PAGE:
Broadband and line rental
Compare the best broadband deals including line rental
Users tend to be attracted to broadband deals offered at low prices, without realising that the provider has hidden the line rental cost. If you are looking for the type of connection that requires an active landline, look for deals that mention charges clearly quoted as ‘broadband including line rental’. Fortunately, the Advertising Standards Agency (ASA) has now made a new rule requiring the actual costs of deals including tariffs to be shown.
Line rental is the cost you pay to have an active landline connection. Most broadband users have to pay for line rental because a majority of broadband providers require the users to have an active landline connection. Copper phone lines are not only integral for standard ADSL broadband connection, but are also required for a certain type of fibre broadband called Fibre to the Cabinet (FTTC) broadband.
So, even if your landline usage is negligible, you will most likely have to pay for broadband line rental. If you want to avoid that, there are alternative options for you in the market that will allow you to get a good broadband deal without line rental cost.
For broadband without line rental, you must try getting access to one of those broadband connections that either fully works on fibre optics or mobile broadband. Unfortunately, the UK currently has limited areas with access to full-fibre broadband. With only 18% national coverage for full-fibre broadband, opting for mobile broadband is easier. Mobile broadband makes use of 4G in most of the areas, as 5G is in the process of rolling out across the country. 5G broadband, however, is much faster.
There are quite a few broadband-only options now available in the UK; Virgin Media is one of the major internet service providers that does not require users to have an active landline as a prerequisite.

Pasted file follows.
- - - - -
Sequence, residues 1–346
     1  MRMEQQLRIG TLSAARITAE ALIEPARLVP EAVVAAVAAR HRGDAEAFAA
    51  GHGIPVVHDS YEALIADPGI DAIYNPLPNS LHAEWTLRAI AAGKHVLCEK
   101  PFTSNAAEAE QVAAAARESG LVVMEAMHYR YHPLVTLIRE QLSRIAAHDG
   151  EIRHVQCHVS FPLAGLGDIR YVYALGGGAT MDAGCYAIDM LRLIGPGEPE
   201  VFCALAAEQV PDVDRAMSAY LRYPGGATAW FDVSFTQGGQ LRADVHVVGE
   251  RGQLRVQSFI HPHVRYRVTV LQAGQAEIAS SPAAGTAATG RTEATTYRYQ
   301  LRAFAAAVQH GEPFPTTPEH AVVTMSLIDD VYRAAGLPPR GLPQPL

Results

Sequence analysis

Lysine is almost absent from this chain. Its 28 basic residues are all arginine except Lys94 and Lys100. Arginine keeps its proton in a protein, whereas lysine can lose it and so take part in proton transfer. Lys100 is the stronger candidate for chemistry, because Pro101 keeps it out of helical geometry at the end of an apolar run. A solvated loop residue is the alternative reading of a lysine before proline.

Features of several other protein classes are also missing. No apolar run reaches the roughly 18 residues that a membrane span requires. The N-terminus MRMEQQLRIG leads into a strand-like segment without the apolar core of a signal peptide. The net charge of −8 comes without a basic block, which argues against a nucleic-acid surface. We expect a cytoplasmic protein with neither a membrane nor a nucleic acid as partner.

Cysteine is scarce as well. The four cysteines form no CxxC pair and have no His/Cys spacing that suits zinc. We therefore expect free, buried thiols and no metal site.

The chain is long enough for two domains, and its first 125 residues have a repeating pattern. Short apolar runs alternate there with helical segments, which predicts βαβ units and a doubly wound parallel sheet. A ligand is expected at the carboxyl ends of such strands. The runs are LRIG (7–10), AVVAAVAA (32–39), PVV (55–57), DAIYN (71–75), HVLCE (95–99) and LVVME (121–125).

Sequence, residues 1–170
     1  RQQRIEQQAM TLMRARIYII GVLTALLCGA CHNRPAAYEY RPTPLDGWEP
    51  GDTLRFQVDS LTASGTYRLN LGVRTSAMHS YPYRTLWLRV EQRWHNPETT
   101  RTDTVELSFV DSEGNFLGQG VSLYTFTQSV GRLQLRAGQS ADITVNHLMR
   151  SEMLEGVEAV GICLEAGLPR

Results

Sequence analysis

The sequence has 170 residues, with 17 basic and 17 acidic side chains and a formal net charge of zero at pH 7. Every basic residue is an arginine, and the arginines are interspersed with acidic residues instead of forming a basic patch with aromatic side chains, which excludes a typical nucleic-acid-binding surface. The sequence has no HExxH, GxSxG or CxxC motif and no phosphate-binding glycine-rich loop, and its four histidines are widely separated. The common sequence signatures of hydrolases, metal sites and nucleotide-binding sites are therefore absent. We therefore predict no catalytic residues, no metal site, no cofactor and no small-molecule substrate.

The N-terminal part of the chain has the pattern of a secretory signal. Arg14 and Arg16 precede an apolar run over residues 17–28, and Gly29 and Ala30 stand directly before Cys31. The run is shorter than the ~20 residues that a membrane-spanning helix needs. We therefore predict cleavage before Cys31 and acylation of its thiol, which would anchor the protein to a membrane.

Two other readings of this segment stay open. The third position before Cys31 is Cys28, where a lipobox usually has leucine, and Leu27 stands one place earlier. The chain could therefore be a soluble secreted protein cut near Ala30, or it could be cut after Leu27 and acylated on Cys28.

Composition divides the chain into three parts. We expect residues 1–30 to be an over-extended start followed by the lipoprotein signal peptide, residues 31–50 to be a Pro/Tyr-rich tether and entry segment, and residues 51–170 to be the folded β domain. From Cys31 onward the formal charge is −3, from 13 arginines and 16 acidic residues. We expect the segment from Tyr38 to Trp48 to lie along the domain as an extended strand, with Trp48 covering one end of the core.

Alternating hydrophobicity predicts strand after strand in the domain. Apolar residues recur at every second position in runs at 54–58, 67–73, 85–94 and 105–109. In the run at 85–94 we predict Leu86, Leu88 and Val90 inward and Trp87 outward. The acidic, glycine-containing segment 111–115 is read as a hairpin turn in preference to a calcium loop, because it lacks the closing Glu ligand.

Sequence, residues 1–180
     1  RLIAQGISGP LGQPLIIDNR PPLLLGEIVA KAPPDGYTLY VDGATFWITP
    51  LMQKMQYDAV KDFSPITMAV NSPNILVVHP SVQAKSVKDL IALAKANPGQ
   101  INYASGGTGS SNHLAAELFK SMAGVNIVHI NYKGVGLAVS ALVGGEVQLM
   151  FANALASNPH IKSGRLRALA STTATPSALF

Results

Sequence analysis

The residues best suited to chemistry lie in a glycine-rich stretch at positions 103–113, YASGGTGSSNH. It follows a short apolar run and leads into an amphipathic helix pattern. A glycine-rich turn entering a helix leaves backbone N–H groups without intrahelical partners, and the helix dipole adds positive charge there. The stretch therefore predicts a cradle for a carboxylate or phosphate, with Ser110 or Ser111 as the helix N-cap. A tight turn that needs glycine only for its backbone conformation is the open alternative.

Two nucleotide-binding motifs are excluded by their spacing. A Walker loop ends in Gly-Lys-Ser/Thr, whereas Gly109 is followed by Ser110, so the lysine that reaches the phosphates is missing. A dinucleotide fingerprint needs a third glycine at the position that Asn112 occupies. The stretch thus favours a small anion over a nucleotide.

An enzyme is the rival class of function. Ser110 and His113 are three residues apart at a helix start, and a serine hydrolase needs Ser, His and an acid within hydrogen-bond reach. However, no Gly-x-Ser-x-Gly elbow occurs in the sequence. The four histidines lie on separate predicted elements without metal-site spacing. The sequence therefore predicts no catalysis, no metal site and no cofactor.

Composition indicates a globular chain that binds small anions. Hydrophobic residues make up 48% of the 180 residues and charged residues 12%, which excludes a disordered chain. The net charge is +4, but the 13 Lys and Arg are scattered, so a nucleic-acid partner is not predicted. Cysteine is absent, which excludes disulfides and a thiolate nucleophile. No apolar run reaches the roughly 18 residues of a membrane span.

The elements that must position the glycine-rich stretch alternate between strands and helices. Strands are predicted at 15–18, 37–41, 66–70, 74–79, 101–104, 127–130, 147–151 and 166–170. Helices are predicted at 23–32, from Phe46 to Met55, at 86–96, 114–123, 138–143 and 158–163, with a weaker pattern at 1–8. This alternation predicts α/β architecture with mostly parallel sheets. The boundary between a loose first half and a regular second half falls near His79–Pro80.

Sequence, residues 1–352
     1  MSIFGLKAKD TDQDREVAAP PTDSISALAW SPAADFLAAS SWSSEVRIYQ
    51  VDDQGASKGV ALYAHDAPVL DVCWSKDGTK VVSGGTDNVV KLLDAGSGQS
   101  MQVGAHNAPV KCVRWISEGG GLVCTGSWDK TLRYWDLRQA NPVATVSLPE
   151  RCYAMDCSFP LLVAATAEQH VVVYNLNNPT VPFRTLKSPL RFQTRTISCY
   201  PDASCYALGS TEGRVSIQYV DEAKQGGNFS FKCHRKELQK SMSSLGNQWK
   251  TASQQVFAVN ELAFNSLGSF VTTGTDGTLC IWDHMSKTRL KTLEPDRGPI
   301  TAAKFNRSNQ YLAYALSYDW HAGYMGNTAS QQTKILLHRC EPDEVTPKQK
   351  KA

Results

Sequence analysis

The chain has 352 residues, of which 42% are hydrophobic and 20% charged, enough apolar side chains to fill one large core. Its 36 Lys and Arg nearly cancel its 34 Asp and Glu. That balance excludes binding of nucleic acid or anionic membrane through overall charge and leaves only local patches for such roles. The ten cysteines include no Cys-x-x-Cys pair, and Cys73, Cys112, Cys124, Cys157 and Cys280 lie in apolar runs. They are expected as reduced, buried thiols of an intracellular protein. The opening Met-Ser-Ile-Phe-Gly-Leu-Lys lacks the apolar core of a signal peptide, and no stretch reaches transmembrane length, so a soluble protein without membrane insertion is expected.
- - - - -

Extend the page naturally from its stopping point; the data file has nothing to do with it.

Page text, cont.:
Virgin Media does not make use of the conventional BT copper telephone lines to carry signals, meaning that if you find yourself a good Virgin Media cable broadband deal, you might save on the monthly line rental.
Previously, providers were intentionally miss-advertising broadband and line rental deals with claims such as ‘free line rental’, but ASA’s research revealed the presence of hidden costs in such deals, forcing providers to share true costs instead of luring new customers with false claims. This has led to more customers wanting to move to broadband-only options in order to save on such costs.
Here are a few options for you to choose your broadband deal from, that won’t require you to pay line rental:
The only internet service provider that owns a fibre-optic technology called DOCSIS and has a cable network exclusively for its customers. Virgin Media provides some of the fastest broadband speed in the UK, some of which go up to 362Mbps. Although Virgin Media broadband does not charge any line rental cost, it might be more expensive than some other options. It is always better to compare deals and look for possible service bundling options. For instance, you can sign up for a Virgin Media broadband and TV bundle, and benefit from discounts here.